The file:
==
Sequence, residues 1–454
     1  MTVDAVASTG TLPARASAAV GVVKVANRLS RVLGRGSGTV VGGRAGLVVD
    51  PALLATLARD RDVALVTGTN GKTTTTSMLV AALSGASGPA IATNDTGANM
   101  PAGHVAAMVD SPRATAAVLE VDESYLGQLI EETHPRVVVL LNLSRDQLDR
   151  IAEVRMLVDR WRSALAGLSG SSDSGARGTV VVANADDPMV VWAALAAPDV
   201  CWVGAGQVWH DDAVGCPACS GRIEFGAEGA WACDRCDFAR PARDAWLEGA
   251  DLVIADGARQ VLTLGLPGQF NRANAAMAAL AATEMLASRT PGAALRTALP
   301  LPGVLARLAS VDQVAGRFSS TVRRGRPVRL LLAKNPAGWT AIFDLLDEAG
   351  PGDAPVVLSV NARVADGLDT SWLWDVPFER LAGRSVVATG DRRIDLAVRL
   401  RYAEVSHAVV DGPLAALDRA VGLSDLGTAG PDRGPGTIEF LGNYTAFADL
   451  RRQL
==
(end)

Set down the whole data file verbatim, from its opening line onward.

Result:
Sequence, residues 1–454
     1  MTVDAVASTG TLPARASAAV GVVKVANRLS RVLGRGSGTV VGGRAGLVVD
    51  PALLATLARD RDVALVTGTN GKTTTTSMLV AALSGASGPA IATNDTGANM
   101  PAGHVAAMVD SPRATAAVLE VDESYLGQLI EETHPRVVVL LNLSRDQLDR
   151  IAEVRMLVDR WRSALAGLSG SSDSGARGTV VVANADDPMV VWAALAAPDV
   201  CWVGAGQVWH DDAVGCPACS GRIEFGAEGA WACDRCDFAR PARDAWLEGA
   251  DLVIADGARQ VLTLGLPGQF NRANAAMAAL AATEMLASRT PGAALRTALP
   301  LPGVLARLAS VDQVAGRFSS TVRRGRPVRL LLAKNPAGWT AIFDLLDEAG
   351  PGDAPVVLSV NARVADGLDT SWLWDVPFER LAGRSVVATG DRRIDLAVRL
   401  RYAEVSHAVV DGPLAALDRA VGLSDLGTAG PDRGPGTIEF LGNYTAFADL
   451  RRQL